Large Public Defense Organization Found to Have Conflict in Representing Former Client's Co-Defendant. While knowledge about a former client's case is not automatically imputed to another lawyer in a large public defense program (People v Wilkins [28 NY2d 53 (1971)]), circumstances may arise that create a conflict, the Court of Appeals found on Feb. 11, 2016. When an attorney with a NYC public defense provider who had been representing the defendant on weapons charges for eight months received Rosario material revealing that another attorney in his office had represented a co-defendant on a drug charge arising from the same incident - an individual that the defendant's lawyer had been seeking as a potential defense witness - the trial court did not err in removing the provider from the defendant's case and appointing new counsel before trial. The defendant stated that he wanted to keep his original lawyer but also said he wanted the co-defendant to testify, leaving the court with a dilemma: protect the defendant's right to effective assistance or his right to counsel of choice. Where the attorney's supervisors expressly prohibited the attorney from searching for the former co-defendant, calling him as a witness, or cross-examining him once the prior representation came to light, the trial court's ruling was not an abuse of discretion, the high court said in People v Watson (2016 NY Slip Op 00998 [2/11/2016]).
The current (or original) validity of the distinction made in Wilkins between large public defense offices and law firms, with only the latter being presumed to operate with "a free flow of information" internally so that knowledge by one attorney is imputed to all, was not questioned in Watson. The briefs filed in the Court of Appeals in Watson are available from the Backup Center or through the Court of Appeals' Public Access and Search System (Court-PASS).
Studies Show Cognitive Impairment from Police Taser Shock, Sleep Deprivation. A new groundbreaking study on the effect of electroshock weapons has been released indicating that individuals subject to Taser® shocks "resembled patients with mild cognitive impairment," demonstrated by statistically significant reductions in verbal learning and memory, with effects lasting up to an hour. Certain subjective impairments, similar to effects of trauma, were also evident in some study participants, including difficulty in concentration, heightened anxiety, and feeling overwhelmed. The study, "TASER® Exposure and Cognitive Impairment: Implications for Valid Miranda Waivers and the Timing of Police Custodial Interrogations" (15[1] Criminology & Public Policy 2015), abstract here , was conducted by criminal justice researchers from Drexel University and Arizona State University. It involved a randomized control trial with 142 voluntary participants.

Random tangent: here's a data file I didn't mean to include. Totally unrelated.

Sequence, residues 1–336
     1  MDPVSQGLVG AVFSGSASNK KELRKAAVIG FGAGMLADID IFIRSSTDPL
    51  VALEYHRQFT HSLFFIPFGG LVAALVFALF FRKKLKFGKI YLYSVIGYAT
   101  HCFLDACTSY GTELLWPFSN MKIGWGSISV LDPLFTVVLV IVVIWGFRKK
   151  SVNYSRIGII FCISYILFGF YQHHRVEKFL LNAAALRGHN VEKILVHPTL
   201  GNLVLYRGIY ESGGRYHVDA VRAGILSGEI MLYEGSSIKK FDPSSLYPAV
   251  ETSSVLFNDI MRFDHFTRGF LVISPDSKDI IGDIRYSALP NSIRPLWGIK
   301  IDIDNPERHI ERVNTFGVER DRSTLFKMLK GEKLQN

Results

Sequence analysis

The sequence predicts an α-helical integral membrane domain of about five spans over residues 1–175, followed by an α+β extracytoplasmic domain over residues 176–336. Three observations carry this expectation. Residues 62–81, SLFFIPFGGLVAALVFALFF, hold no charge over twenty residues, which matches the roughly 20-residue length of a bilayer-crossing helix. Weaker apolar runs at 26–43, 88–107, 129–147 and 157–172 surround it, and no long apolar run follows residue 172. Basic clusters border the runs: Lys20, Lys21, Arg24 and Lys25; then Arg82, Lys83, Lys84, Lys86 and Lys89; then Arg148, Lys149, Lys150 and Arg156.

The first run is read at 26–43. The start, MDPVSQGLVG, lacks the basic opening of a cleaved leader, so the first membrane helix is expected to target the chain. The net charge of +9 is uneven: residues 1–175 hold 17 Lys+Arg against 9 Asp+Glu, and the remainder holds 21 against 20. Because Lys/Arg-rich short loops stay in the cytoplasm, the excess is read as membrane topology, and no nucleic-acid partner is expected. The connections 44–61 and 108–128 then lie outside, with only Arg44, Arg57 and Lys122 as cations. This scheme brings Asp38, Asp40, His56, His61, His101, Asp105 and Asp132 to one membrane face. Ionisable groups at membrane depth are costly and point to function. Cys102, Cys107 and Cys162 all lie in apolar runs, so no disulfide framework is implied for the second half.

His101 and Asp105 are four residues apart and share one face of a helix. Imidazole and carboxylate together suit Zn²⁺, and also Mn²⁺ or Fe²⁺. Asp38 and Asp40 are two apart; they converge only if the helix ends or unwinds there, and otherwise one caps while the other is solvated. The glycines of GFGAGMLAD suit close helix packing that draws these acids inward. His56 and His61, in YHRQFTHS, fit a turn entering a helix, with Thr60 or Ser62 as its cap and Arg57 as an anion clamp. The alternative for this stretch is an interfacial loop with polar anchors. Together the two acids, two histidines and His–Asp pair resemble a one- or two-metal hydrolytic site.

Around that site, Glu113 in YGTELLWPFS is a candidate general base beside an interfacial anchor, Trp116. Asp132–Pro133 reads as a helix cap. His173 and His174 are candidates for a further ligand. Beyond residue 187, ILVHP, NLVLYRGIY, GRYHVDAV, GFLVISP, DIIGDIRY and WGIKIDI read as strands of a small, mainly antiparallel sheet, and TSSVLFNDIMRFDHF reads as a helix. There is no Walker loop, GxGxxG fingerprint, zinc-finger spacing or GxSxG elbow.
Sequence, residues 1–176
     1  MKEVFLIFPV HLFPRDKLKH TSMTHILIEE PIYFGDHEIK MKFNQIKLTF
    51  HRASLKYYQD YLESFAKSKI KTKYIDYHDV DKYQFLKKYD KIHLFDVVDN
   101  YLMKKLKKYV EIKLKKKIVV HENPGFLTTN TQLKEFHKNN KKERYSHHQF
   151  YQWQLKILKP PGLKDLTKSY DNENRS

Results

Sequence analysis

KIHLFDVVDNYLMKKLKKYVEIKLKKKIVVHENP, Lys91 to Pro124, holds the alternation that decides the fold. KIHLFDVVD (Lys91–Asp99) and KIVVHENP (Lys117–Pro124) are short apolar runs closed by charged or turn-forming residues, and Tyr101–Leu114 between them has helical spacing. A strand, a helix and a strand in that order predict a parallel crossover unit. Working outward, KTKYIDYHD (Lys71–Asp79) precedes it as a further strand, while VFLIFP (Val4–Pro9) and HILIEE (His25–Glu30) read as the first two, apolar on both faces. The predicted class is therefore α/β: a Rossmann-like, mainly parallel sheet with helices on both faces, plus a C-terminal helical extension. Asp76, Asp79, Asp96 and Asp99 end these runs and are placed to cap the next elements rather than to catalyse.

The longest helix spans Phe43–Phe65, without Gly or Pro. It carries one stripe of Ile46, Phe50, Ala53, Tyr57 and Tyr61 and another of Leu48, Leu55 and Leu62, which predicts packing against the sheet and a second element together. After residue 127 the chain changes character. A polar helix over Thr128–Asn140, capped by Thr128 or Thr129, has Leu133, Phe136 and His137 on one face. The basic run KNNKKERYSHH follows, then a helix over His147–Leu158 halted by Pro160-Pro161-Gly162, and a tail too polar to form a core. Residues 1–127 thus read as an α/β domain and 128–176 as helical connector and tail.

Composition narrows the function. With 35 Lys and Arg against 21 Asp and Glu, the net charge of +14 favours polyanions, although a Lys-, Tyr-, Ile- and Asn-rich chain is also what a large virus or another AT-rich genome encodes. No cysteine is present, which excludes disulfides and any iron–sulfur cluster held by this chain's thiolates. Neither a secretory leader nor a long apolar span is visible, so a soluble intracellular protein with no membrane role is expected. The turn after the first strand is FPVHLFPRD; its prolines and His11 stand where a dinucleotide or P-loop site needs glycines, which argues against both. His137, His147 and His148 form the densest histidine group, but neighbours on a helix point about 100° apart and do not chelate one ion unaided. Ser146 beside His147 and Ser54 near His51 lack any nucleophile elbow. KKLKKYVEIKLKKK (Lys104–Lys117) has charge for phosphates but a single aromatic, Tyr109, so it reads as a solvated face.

The findings from the study directly implicate Fifth Amendment policies and practices in cases involving police use of Tasers and similar weapons; cognitive impairment is a critical component in determining whether a person has understood Miranda warnings and was able to respond to police interrogation in a competent, coherent, and reliable manner. An overview on the study appeared on the Science Daily website .
Another new study examined the connection between sleep deprivation and false confessions, finding that "sleep deprivation increases the likelihood that a person will falsely confess to wrongdoing that never occurred." The study, "Sleep deprivation and false confessions," (abstract here), appeared in Proceedings of the National Academy of Sciences of the United States of America. The researchers noted that the study's "findings provide an additional justification for the importance of videotaping interrogations" and recommended "that interrogators assess suspects' sleep habits for the days preceding the interrogation and measure suspects' sleepiness by using validated self-report scales ...." A discussion of the study appeared on The Wrongful Convictions Blog on Feb. 10, 2016.
Attorneys who want more information about these studies and false confessions should contact NYSDA's Backup Center.
Association News
NYSDA Launches Newly Designed Website. NYSDA is pleased to announce the launch of our newly designed website, located at the same address: www.nysda.org. Staff have been hard at work to make the website more informative and easy to navigate. The new site uses ReadSpeaker to make the content more accessible with the power of text to speech. Also available is an archive of the News Picks from NYSDA Staff e-newsletters, beginning with the Jan. 14, 2015 edition. Individuals can easily join or renew their NYSDA membership and learn about upcoming training programs.